Where am I? Where's my lord?

is this?

Sec. Gent. Is not this strange ?

First Gent.


Most rare.

Hush, my gentle neighbours !

Lend me your hands; to the next chamber bear


Get linen now this matter must be look'd to,
For her relapse is mortal. Come, come;

And Esculapius guide us!

[Exeunt, carrying her away.

SCENE III. Tarsus. A room in Cleon's house.


Per. Most honour'd Cleon, I must needs be gone;

My twelve months are expired, and Tyrus stands

106. Where am I? etc. Thaisa's words are from Gower, Conf. Am. (bk. viii.). In the

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novel, Cerimon, with a physician's instinct, gives a reassuring answer to her questions.


The gods

In a litigious peace. You, and your lady,
Take from my heart all thankfulness!
Make up the rest upon you!

Cle. Your shafts of fortune, though they hurt

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To have bless'd mine eyes with her!


We cannot but obey
The powers above us. Could I rage and roar
As doth the sea she lies in, yet the end
Must be as 'tis. My gentle babe Marina, whom,
For she was born at sea, I have named so, here
I charge your charity withal, leaving her
The infant of your care; beseeching you

To give her princely training, that she may be
Manner'd as she is born.

Fear not, my lord, but think
Your grace, that fed my country with your corn,
For which the people's prayers still fall upon you,
Must in your child be thought on. If neglection
Should therein make me vile, the common body,
By you relieved, would force me to my duty:
But if to that my nature need a spur,

The gods revenge it upon me and mine,
To the end of generation!


I believe you;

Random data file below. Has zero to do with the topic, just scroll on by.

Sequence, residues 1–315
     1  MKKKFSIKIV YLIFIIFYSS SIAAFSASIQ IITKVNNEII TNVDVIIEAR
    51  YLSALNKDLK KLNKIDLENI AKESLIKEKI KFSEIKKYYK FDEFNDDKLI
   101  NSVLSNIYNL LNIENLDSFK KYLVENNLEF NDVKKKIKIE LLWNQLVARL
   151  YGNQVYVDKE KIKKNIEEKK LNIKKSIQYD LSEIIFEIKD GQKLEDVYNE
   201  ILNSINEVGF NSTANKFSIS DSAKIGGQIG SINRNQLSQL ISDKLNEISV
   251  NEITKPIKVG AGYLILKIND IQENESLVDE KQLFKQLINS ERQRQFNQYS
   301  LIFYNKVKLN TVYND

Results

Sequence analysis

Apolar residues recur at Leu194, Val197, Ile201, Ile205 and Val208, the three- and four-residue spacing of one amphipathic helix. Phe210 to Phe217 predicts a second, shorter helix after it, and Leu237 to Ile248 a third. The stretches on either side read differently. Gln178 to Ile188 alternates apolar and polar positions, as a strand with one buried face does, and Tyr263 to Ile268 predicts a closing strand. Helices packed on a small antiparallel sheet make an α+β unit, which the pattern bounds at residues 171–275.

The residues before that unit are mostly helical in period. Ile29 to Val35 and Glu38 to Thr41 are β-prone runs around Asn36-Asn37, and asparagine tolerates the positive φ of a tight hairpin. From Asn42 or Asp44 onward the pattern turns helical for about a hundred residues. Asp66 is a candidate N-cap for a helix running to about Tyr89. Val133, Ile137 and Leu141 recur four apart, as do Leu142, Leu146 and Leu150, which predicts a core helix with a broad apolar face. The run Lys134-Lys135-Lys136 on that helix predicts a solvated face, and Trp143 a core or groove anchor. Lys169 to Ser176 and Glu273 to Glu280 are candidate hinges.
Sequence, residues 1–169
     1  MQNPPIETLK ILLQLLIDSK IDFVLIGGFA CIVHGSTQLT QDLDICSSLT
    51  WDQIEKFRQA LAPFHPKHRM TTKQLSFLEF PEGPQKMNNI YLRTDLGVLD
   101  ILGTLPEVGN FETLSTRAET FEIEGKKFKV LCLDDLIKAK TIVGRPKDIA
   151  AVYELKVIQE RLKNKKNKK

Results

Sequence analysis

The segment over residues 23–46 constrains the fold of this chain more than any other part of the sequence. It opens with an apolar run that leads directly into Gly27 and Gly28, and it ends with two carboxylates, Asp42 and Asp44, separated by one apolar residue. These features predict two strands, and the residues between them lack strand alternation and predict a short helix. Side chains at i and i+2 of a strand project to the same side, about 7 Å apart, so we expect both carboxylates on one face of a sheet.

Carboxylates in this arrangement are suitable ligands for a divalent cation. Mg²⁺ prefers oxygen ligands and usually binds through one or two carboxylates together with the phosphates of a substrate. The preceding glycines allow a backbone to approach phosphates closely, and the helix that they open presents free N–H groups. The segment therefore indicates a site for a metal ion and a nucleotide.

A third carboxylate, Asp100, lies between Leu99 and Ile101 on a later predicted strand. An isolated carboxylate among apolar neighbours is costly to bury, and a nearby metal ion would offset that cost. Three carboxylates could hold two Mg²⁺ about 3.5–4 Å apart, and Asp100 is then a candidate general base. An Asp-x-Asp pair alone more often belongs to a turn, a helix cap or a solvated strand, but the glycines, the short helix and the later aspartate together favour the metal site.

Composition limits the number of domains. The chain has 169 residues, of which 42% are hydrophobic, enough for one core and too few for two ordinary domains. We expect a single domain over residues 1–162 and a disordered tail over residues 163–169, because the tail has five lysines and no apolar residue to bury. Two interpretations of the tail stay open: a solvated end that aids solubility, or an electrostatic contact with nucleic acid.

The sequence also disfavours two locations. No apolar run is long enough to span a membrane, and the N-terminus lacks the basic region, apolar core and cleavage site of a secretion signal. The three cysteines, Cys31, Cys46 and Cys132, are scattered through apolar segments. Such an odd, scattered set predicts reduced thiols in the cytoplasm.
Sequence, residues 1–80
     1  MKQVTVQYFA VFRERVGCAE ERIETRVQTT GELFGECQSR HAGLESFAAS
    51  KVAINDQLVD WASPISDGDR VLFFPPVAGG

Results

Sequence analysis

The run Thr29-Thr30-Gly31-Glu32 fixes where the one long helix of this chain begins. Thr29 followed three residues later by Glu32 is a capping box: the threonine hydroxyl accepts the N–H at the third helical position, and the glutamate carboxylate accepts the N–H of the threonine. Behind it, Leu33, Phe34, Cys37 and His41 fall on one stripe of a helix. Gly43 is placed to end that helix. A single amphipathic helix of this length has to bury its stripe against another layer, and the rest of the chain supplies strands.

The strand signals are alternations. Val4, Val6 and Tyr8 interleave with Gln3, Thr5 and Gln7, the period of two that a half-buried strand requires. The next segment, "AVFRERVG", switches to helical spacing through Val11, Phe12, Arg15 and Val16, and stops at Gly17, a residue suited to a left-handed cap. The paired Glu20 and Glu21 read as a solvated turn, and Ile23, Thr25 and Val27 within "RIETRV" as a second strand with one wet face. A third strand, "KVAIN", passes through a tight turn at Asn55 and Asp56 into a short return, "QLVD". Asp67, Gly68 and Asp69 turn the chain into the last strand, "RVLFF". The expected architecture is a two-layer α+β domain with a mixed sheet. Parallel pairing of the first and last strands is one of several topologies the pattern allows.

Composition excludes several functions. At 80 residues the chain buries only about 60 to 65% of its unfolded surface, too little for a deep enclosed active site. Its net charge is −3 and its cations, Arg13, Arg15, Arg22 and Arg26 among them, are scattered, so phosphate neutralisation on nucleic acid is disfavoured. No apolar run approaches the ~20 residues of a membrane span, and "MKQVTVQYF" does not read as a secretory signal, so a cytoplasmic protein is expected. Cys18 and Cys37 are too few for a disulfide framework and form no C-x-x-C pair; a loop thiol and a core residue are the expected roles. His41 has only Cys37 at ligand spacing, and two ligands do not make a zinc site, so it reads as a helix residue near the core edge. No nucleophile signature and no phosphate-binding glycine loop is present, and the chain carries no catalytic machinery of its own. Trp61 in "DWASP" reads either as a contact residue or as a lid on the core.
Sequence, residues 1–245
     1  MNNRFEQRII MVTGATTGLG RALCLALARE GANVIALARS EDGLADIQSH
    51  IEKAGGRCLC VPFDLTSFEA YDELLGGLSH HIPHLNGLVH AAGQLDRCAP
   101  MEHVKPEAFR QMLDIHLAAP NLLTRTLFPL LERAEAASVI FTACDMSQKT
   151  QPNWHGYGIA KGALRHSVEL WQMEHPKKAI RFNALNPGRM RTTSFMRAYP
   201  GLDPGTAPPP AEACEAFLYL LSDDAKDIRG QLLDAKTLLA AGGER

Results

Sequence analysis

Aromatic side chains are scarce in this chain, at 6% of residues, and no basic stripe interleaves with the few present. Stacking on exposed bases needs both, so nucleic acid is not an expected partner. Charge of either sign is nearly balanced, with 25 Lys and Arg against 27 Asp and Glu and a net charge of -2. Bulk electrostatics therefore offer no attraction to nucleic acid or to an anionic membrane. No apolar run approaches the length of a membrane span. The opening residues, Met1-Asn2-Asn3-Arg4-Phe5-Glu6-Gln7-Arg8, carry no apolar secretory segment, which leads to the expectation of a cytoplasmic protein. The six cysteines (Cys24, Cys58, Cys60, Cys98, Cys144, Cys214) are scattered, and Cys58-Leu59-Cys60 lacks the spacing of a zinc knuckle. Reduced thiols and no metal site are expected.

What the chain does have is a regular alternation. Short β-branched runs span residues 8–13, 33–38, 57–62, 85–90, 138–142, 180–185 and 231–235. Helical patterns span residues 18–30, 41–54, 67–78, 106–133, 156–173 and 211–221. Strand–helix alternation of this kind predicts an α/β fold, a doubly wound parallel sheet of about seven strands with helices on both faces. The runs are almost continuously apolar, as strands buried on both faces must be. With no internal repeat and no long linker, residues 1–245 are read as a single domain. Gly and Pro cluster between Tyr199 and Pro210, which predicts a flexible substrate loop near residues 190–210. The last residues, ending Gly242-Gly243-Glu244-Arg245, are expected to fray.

Your honour and your goodness teach me to 't,
Without your vows. Till she be married, madam,
By bright Diana, whom we honour, all

Unscissar'd shall this hair of mine remain,
Though I show ill in 't. So I take my leave.
Good madam, make me blessed in your care
In bringing up my child.





I have one myself,

Who shall not be more dear to my respect

Than yours, my lord.


Madam, my thanks and prayers.

Cle. We'll bring your grace e'en to the edge

o' the shore,

Then give you up to the mask'd Neptune and
The gentlest winds of heaven.

Per. Your offer.

I will embrace

Come, dearest madam. O, no tears,
Lychorida, no tears:

Look to your little mistress, on whose grace
You may depend hereafter. Come, my lord.


SCENE IV. Ephesus. A room in Cerimon's



Cer. Madam, this letter, and some certain jewels,

Lay with you in your coffer: which are now
At your command. Know you the character?
Thai. It is my lord's.

That I was shipp'd at sea, I well remember,
Even on my eaning time; but whether there
Deliver'd, by the holy gods,

I cannot rightly say.

But since King Pericles,

My wedded lord, I ne'er shall see again,

A vestal livery will I take me to,

And never more have joy.

Cer. Madam, if this you purpose as ye speak,

36. the mask'd Neptune, the sea-god in his calmest aspect. 6. on my eaning time, when I



was on the point of being delivered.